When the Drudge photo of Obama dressed in Somalian clothing was released, campaign manager David Plouffe immediately reacted strongly, characterizing it as ”the most shameful, offensive fear-mongering we’ve seen from either party in this election.” And in December, many Obama supporters cried foul when Clinton supporter Senator Bob Kerrey remarked that he liked “the fact that his name is Barack Hussein Obama.” (Although part of that reaction was due to the fact that Kerrey stated falsely that Obama had attended “a madrassa.”)
But what if David Plouffe– instead of denouncing it– embraced the Drudge photo as evidence of how popular and well-received Obama is throughout the world? What if Obama supporters simply agreed with Kerrey’s statement that while some people may see Obama’s name as a political liability, it is actually an asset?
In short, what if Barack Obama, along with his campaign staff and supporters, stopped treating “Hussein” like a dirty word?
Again, at some point between now and November, we are going to have a national conversation about Barack Obama’s name. At some point, Americans are going to have to either embrace or reject the possibility of a President of the United States named Barack Hussein Obama. In the heat of a general election, no one will be allowed to remain agnostic (as Obama seems to be hoping).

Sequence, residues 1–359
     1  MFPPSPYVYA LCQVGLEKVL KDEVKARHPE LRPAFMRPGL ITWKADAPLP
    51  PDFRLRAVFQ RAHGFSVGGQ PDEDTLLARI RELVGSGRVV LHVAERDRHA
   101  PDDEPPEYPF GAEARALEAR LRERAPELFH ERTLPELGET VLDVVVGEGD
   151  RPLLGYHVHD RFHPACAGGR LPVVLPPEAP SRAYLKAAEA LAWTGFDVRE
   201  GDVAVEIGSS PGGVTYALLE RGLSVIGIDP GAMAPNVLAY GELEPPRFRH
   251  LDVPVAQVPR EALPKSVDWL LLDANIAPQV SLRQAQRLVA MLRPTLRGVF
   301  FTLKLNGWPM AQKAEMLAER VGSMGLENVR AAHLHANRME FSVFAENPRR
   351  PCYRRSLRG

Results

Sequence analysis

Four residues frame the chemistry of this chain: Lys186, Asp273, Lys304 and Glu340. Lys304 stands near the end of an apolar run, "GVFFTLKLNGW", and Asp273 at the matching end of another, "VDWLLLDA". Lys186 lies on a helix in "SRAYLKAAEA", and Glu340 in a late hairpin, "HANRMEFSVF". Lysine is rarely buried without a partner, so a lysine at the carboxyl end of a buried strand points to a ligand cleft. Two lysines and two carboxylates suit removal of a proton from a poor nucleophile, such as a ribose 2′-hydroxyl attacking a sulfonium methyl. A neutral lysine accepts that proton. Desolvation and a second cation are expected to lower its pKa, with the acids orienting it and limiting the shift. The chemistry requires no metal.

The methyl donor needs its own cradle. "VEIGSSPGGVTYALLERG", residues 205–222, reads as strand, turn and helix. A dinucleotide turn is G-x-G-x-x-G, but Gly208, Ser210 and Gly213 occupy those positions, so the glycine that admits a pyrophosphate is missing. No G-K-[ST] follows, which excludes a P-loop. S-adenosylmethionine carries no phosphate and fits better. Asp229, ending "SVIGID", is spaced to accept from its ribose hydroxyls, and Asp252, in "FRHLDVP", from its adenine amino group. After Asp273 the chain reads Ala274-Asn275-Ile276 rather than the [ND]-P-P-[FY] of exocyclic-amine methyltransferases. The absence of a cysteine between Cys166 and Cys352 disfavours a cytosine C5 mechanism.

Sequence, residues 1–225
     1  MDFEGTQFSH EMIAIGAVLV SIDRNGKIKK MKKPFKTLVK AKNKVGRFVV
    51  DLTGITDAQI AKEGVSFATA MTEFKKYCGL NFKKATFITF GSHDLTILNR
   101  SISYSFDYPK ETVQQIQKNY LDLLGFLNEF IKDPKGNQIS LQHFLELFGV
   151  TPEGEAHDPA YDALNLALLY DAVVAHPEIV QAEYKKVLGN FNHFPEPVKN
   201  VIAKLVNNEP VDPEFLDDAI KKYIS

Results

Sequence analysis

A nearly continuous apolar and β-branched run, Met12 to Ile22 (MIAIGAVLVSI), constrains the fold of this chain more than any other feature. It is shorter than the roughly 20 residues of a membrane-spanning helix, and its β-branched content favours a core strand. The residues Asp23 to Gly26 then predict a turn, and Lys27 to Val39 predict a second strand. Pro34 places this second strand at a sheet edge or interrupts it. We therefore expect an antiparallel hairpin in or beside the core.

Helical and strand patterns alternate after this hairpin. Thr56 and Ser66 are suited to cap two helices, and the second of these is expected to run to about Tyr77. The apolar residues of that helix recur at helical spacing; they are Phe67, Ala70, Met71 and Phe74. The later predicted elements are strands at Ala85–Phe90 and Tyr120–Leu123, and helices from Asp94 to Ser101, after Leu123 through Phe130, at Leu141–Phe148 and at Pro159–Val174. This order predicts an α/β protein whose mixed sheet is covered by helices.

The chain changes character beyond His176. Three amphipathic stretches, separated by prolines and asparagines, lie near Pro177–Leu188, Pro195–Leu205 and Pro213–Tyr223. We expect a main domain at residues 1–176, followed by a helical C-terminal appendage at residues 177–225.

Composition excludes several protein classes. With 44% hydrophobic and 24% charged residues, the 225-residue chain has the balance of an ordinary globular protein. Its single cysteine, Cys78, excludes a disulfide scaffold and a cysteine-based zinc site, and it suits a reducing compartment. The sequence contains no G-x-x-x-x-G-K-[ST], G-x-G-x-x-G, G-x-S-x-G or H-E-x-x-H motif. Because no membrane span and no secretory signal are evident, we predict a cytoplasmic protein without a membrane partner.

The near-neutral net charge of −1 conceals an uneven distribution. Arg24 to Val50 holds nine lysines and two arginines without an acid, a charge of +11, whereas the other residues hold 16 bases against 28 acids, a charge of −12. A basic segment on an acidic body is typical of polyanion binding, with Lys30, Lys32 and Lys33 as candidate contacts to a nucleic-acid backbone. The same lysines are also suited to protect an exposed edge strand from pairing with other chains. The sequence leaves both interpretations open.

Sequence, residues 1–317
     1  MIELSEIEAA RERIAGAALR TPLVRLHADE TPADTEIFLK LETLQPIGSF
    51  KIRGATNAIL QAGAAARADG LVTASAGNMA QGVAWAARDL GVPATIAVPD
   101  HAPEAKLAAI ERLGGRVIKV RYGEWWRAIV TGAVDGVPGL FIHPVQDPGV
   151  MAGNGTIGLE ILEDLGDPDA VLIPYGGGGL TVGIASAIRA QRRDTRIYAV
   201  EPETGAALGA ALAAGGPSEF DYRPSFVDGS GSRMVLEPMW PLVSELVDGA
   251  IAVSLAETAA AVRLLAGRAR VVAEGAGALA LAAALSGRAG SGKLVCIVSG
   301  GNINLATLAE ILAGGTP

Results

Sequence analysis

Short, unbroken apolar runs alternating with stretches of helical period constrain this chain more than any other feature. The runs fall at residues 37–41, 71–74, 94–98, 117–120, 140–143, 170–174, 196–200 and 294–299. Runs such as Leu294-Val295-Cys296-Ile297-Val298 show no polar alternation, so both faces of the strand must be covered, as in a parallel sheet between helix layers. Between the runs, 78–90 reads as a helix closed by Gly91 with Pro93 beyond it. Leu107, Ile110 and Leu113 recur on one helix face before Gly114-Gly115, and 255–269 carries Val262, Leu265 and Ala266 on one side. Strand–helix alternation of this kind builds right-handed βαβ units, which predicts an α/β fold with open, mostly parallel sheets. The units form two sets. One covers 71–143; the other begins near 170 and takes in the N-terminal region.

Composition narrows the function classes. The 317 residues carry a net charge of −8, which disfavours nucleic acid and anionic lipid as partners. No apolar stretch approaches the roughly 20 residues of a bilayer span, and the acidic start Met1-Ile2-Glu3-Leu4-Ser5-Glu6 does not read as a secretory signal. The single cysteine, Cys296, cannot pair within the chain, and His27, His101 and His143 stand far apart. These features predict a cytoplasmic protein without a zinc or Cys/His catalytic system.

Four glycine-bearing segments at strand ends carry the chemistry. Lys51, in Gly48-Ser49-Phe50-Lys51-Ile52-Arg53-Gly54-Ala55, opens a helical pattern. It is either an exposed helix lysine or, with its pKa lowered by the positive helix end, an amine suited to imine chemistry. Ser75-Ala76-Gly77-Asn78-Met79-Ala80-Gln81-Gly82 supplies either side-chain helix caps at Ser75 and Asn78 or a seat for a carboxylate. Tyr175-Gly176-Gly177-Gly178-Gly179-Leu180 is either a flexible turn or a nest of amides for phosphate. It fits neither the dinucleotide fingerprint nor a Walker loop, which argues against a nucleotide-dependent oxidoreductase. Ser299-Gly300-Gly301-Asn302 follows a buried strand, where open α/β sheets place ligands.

In light of that oncoming eventuality, might it not be wise for Obama himself to lead the way and unequivocally, unapologetically embrace his middle name? Shouldn’t he make it clear that no one, not Bill Cunningham nor Rush Limbaugh nor John McCain, should have to apologize for using it– in the same way that no one should have to apologize for referring to Senator Clinton as Hillary Rodham Clinton (who ironically has also shied away from her middle name for different political reasons)? Perhaps even by accepting John McCain’s apology yesterday, Obama was sending his supporters mixed signals.
As long as “Hussein” continues to be the word you’re not allowed to say, people will continue saying it, and saying it in a derogatory context. It will continue to be the edgy, dirty little in-joke and continue to pass for sharp political commentary in certain conservative circles. But if, over the next eight months, it becomes purposefully and unashamedly ingrained in the American lexicon, it will quickly lose whatever potency it has. We need to get to a point where Hussein-laden outbursts like Bill Cunningham’s are met not with apologies and ratings-boosting controversy, but with eye rolls and here we go agains, even among conservatives.
In light of the recent history of frivolous but effective attacks against Democratic presidential candidates, it’s understandable why Barack Obama, his campaign, and his supporters are naturally defensive. But it’s well past time for all of them to abandon their posts at the Neighborhood Hussein Watch. Unless the candidate himself and his staunchest supporters begin to fully embrace his name, it will continue– unnecessarily– to be a hotly-debated issue in this campaign. And if the conversation in November is still about middle names, Barack Hussein Obama could very well lose the election to John Sidney McCain.